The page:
} catch (InterruptedException ie) {
        notFull.signal(); // propagate to a non-interrupted thread
        return false;

    } finally {
        this.lock.unlock();
    }
}
...

This also has some instrumentation so I can check the effectiveness of the queue. I am still working on 'PivotPriorityBlockingQueue', if anyone is interested I can post it.

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Did you ever post it anywhere? I'm interested. –  Jeff Goldberg Jan 27 '12 at 23:17
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If the order of the Runnables you want to execute is not strict (as is: it may occur that some lower priority tasks are executed even though higher priority tasks exist), then I would suggest the following, which boils down to periodically cutting the PriorityQueue down in size:

if (queue.size() > MIN_RETAIN * 2){
    ArrayList<T> toRetain = new ArrayList<T>(MIN_RETAIN);
    queue.drainTo(toRetain, MIN_RETAIN);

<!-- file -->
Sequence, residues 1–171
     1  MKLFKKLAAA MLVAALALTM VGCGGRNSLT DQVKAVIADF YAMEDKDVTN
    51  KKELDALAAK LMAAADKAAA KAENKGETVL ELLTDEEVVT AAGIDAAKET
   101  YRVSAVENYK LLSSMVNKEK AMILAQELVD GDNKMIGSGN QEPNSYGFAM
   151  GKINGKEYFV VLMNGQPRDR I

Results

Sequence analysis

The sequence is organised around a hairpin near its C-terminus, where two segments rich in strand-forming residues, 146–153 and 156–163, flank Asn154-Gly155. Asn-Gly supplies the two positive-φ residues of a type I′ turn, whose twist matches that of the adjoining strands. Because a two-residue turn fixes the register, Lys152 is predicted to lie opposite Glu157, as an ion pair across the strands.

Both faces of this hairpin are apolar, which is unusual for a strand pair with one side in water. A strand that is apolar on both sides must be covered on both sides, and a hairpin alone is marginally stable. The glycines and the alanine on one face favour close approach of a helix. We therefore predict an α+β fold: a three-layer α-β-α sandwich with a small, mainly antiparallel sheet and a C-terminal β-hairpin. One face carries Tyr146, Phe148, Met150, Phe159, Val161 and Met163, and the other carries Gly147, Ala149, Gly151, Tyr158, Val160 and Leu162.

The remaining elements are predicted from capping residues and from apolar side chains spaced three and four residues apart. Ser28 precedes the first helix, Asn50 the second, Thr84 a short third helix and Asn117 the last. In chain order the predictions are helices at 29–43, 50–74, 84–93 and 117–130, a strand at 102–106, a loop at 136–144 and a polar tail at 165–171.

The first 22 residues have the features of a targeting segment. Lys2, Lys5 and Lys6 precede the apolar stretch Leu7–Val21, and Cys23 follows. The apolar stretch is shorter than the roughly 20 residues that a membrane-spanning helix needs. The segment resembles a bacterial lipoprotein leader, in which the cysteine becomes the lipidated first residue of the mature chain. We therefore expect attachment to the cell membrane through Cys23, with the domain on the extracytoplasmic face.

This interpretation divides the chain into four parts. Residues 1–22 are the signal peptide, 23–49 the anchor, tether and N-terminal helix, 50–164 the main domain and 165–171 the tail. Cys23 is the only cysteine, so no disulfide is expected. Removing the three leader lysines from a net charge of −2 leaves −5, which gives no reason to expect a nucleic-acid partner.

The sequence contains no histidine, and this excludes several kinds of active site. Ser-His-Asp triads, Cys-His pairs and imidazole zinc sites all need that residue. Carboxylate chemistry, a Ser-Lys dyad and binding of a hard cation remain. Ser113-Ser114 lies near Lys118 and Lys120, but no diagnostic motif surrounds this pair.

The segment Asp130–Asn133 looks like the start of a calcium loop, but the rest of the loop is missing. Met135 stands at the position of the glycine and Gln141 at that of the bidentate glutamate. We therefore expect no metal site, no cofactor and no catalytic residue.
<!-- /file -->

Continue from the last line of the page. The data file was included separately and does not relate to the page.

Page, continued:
queue.clear();
    for (T t : toRetain){
      queue.offer(t);
    }
}

This will obviously fail if the order needs to be strict, as draining will lead to a moment, wenn low priority task will retrieved from the queue using concurrent access.

The advantages are, that this is thread-safe and likely to get as fast as you can do with the priority queue design.

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Have a look at the ForwardingQueue from the Google Collections API. For blocking semantics you could use a Semaphore.

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There is another implementation here

It seems to do what you are asking for:

A BoundedPriorityQueue implements a priority queue with an upper bound on the number of elements. If the queue is not full, added elements are always added. If the queue is full and the added element is greater than the smallest element in the queue, the smallest element is removed and the new element is added. If the queue is full and the added element is not greater than the smallest element in the queue, the new element is not added.